we were looking at different kinds of chocolate and trying to discern which bars were most ethical and we happened upon one that surprised us.  it said that it was 76% fair trade.  that seemed so odd.  if you've gone 76%, why not go all the way.  why 76% and not 75%?  why tell us at all?  there's no legal reason they have to.


then i thought about my own life and the first time i tried to have a fair trade christmas.  i made it down to a couple nights before christmas without buying anything that wasn't ethically made.  and, i was broke.  then i remembered that my mom always got us pajamas.  and her mom had always gotten her pajamas.  my grandmother had died just a few years previous and since then, i'd taken up the mantle of buying pajamas for my mom.  it was a way to bless her.  to remember grandma.  to make her know she is cared for like a daughter even though her mom has passed on.  it was really important to me.  and all i had was $7.  


so, i was conflicted.  and i made a decision i'm not proud of.  i. went. to. walmart.  and while i was there, i. bought. a $5 fleece nightgown.  and when i checked out, i could not look the check out girl in the eyes.  i apologized to her. i knew she was underpaid and over worked.  i couldn't even imagine how the people that had made the gown were treated.  i was heart broken.


but it was the best i could do.  i was not ready to surrender my mom's pajamas.  and i didn't have the resources for something better.


probably, i could have made a different decision.  but i made that one.  and the point is not the decision i made.


to focus on the pajamas is to lose wonder.  it is to lose celebration.  it is to lose sight of the ability i had to imagine a different type of christmas and actually pursue it.  to focus on the one failure in a sea of beauty is to destroy hope.


so...some chocolate is 76% fair trade.  it is 24% slave made?  maybe?  but it. is. 76%. fair. trade!  let's celebrate that even as we pray for the other 24%.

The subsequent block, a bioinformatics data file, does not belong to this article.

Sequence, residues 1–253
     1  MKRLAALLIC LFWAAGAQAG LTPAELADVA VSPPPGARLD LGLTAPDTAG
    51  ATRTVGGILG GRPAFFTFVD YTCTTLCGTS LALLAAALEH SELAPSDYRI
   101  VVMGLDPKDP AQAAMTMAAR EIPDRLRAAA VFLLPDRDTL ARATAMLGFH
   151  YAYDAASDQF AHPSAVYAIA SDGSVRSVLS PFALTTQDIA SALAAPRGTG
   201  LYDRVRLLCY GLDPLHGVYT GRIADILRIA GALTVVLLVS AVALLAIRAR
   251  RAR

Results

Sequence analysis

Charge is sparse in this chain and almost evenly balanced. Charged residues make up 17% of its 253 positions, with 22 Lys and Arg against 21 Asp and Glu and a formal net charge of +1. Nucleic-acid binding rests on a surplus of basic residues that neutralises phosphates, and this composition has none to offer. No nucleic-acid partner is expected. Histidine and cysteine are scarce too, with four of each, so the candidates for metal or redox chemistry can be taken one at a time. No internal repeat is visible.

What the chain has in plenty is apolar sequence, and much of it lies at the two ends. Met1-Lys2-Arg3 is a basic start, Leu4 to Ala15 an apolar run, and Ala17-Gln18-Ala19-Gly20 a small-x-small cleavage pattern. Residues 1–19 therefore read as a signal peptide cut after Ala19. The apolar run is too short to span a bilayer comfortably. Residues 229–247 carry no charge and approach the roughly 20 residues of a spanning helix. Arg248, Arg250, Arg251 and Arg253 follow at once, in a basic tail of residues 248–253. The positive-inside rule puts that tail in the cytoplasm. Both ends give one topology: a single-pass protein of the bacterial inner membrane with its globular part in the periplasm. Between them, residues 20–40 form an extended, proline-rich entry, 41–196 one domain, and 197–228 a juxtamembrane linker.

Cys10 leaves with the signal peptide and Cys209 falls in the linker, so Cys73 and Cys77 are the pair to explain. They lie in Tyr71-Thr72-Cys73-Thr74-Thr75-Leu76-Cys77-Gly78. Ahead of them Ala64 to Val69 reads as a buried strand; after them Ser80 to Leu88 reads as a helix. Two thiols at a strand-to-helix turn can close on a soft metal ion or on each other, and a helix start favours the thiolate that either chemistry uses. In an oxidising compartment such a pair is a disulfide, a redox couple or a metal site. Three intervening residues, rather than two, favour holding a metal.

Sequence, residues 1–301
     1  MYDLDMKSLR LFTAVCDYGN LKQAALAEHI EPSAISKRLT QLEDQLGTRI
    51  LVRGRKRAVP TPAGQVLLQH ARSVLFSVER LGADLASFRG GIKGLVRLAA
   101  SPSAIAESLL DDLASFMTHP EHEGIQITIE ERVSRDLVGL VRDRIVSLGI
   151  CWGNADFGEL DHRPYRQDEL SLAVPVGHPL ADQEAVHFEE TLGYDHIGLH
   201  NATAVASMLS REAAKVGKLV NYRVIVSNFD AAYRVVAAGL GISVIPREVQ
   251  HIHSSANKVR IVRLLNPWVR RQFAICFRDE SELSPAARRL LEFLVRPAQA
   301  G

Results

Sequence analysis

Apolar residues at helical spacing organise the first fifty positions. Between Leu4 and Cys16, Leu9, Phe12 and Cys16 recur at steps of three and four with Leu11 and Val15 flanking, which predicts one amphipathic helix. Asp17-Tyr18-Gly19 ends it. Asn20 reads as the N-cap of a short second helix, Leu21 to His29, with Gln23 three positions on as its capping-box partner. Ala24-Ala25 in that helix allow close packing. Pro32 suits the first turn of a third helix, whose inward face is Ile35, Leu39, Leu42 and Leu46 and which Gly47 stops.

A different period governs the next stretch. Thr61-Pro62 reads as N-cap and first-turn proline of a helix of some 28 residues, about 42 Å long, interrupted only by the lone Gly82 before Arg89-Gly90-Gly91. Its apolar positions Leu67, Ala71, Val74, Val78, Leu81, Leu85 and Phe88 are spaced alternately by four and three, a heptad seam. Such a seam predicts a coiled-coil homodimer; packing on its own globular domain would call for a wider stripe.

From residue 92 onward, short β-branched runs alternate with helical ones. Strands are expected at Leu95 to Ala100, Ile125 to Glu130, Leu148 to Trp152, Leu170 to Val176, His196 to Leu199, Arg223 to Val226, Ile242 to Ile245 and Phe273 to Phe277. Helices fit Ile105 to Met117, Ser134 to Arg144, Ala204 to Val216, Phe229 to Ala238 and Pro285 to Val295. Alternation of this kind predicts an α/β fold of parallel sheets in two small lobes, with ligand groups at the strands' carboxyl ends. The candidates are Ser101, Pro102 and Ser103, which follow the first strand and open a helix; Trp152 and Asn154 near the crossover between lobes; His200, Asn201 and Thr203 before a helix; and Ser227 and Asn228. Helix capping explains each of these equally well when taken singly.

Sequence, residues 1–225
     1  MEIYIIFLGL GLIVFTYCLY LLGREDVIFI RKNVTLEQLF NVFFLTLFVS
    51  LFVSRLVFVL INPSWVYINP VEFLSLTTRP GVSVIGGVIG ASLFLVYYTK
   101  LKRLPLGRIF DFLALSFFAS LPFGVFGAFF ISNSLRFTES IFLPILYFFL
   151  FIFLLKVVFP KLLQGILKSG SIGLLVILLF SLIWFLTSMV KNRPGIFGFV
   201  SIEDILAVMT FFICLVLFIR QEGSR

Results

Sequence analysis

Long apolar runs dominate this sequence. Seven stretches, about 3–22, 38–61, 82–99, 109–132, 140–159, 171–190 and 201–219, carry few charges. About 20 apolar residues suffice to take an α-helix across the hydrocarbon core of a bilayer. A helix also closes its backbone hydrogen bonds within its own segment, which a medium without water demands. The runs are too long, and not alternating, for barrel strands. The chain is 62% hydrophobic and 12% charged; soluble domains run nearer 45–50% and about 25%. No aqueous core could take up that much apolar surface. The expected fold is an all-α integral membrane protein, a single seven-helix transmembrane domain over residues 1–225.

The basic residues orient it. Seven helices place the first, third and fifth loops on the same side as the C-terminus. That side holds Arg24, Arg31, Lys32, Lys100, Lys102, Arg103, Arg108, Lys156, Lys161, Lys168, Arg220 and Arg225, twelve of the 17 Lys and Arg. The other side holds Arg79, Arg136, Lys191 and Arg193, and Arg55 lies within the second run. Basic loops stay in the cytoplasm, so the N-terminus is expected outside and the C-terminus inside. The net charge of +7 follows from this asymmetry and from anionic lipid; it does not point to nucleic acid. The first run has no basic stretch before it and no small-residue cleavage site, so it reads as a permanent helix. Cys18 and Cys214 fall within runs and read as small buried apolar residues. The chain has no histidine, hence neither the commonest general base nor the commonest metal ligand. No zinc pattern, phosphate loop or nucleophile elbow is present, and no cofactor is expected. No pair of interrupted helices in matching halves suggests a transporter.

and...my christmas was 90% fair trade.  the 10% is sad.  but the 90% is beautiful!


so...what percent of your christmas will be fair trade?  90%? 76%? 50%?  even 10%?
if last Christmas was 0%, 10% is something to celebrate!


i invite you to make a commitment.  to yourself.  to God. to your family. to your brothers and sisters around the world who need fair wages to live.  make a commitment to what % of your christmas will be fair trade.


and be realistic.  be gracious to yourself.  be honest.  and, by all means be. celebratory. about. every. single. percentage. that your Christmas is "orange."
 
 
i'm a vegetarian.  i have been for 14 years...half of my life!

it's not so much by choice anymore because i've essentially developed an allergy to meat.  so, for all you meat loving peeps, no worries..i'm not judging even a little.  but, everyone i know knows this about me.  they know that even a hint of meat or meat oils or broth in something can make me sick.  so they watch out for me.  when they know something has meat in it, they say "oh, you can't have it." in a sorrowful voice with pity for their friend that gave up meat at the young age of 15, not knowing what she was getting herself into.

so, recently, well a little over two years ago, i gave up any chocolate that isn't fair trade.  i haven't tried to make a big deal out of it when others offer me stuff that isn't fair trade.  well, for the most part.  sometimes i can be a judgmental jerk. but the thing i've noticed is that friends have started answering for me in the same way as they do about meat.

"oh, you can't have that."  with sorrow.  or pity.  or maybe? occasionally? hope? 

one time i was at a party and declined the meat.  the friend who brought me explained to a room full of people who seemed not to know any vegetarians, "it will make her sick."

then came desert.  it was cake balls with chocolate icing.  i, honestly, was more concerned with calories than ethics, but when i declined, the same friend in the same voice with the same tenor said "she can't.  she only eats fair trade chocolate."  ...he said it as though i was allergic to it just as i am to meat.

what if we were allergic to slavery?  what if we realized that it makes us sick?  and what if we had a hypo-allergenic christmas with only ethical gifts?